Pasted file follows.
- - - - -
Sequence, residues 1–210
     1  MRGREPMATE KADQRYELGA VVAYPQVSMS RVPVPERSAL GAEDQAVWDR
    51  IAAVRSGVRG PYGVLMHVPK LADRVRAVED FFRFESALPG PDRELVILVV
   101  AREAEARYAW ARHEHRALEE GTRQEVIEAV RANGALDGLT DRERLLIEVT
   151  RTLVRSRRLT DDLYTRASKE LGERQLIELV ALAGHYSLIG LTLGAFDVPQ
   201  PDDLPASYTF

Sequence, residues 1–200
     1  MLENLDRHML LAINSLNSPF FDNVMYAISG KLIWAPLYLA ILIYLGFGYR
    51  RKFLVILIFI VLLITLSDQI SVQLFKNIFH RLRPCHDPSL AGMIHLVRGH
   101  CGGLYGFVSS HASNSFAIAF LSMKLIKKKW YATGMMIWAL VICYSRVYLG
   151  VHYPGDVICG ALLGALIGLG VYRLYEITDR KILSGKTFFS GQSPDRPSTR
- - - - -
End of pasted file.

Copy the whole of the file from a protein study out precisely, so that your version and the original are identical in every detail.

Sequence, residues 1–210
     1  MRGREPMATE KADQRYELGA VVAYPQVSMS RVPVPERSAL GAEDQAVWDR
    51  IAAVRSGVRG PYGVLMHVPK LADRVRAVED FFRFESALPG PDRELVILVV
   101  AREAEARYAW ARHEHRALEE GTRQEVIEAV RANGALDGLT DRERLLIEVT
   151  RTLVRSRRLT DDLYTRASKE LGERQLIELV ALAGHYSLIG LTLGAFDVPQ
   201  PDDLPASYTF

Sequence, residues 1–200
     1  MLENLDRHML LAINSLNSPF FDNVMYAISG KLIWAPLYLA ILIYLGFGYR
    51  RKFLVILIFI VLLITLSDQI SVQLFKNIFH RLRPCHDPSL AGMIHLVRGH
   101  CGGLYGFVSS HASNSFAIAF LSMKLIKKKW YATGMMIWAL VICYSRVYLG
   151  VHYPGDVICG ALLGALIGLG VYRLYEITDR KILSGKTFFS GQSPDRPSTR